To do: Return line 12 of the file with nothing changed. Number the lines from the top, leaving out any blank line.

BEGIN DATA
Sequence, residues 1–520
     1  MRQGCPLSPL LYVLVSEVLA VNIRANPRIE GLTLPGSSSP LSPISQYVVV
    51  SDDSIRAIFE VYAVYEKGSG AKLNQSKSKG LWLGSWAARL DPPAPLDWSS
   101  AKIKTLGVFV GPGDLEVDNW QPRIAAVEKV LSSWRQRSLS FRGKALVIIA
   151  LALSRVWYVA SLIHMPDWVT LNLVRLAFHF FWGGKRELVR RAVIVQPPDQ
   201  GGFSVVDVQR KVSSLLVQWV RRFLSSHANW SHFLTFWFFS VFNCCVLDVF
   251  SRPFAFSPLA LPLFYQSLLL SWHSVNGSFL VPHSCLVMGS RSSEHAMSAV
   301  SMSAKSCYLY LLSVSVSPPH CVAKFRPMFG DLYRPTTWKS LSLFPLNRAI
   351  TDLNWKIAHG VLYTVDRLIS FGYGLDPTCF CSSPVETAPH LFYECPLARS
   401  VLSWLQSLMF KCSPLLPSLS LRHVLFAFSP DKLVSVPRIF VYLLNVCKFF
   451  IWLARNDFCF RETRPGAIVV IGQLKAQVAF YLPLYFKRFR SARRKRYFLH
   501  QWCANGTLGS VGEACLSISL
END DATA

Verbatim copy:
   501  QWCANGTLGS VGEACLSISL